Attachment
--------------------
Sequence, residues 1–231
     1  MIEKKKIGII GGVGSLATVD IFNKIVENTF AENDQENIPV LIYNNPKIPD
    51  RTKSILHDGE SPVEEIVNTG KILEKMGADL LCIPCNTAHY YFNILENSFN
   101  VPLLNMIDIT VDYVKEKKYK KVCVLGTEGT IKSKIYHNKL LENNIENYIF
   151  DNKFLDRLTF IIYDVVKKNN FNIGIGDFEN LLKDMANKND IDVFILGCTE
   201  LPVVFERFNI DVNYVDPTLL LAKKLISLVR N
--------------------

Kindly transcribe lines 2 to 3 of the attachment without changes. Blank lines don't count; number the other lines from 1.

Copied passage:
     1  MIEKKKIGII GGVGSLATVD IFNKIVENTF AENDQENIPV LIYNNPKIPD
    51  RTKSILHDGE SPVEEIVNTG KILEKMGADL LCIPCNTAHY YFNILENSFN